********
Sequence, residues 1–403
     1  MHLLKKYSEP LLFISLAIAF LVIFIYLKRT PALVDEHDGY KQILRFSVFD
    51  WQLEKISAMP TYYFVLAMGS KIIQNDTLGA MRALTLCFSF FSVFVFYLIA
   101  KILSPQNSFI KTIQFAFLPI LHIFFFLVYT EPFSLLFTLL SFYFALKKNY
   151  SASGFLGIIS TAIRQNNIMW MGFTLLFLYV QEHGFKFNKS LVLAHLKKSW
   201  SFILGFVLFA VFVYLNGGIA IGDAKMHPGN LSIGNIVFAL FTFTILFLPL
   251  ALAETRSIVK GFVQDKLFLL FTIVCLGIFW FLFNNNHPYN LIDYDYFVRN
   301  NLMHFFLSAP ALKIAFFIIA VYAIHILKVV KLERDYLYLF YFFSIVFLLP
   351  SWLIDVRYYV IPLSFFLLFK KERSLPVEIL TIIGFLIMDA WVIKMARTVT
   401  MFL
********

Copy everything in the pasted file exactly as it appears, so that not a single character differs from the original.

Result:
Sequence, residues 1–403
     1  MHLLKKYSEP LLFISLAIAF LVIFIYLKRT PALVDEHDGY KQILRFSVFD
    51  WQLEKISAMP TYYFVLAMGS KIIQNDTLGA MRALTLCFSF FSVFVFYLIA
   101  KILSPQNSFI KTIQFAFLPI LHIFFFLVYT EPFSLLFTLL SFYFALKKNY
   151  SASGFLGIIS TAIRQNNIMW MGFTLLFLYV QEHGFKFNKS LVLAHLKKSW
   201  SFILGFVLFA VFVYLNGGIA IGDAKMHPGN LSIGNIVFAL FTFTILFLPL
   251  ALAETRSIVK GFVQDKLFLL FTIVCLGIFW FLFNNNHPYN LIDYDYFVRN
   301  NLMHFFLSAP ALKIAFFIIA VYAIHILKVV KLERDYLYLF YFFSIVFLLP
   351  SWLIDVRYYV IPLSFFLLFK KERSLPVEIL TIIGFLIMDA WVIKMARTVT
   401  MFL